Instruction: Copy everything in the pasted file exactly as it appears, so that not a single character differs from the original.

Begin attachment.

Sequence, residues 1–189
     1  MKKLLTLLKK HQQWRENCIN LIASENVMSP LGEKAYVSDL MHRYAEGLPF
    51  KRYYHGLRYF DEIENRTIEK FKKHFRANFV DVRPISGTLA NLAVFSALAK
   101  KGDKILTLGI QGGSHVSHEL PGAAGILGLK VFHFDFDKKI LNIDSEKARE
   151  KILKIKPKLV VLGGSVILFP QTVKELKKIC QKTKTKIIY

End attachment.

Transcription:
Sequence, residues 1–189
     1  MKKLLTLLKK HQQWRENCIN LIASENVMSP LGEKAYVSDL MHRYAEGLPF
    51  KRYYHGLRYF DEIENRTIEK FKKHFRANFV DVRPISGTLA NLAVFSALAK
   101  KGDKILTLGI QGGSHVSHEL PGAAGILGLK VFHFDFDKKI LNIDSEKARE
   151  KILKIKPKLV VLGGSVILFP QTVKELKKIC QKTKTKIIY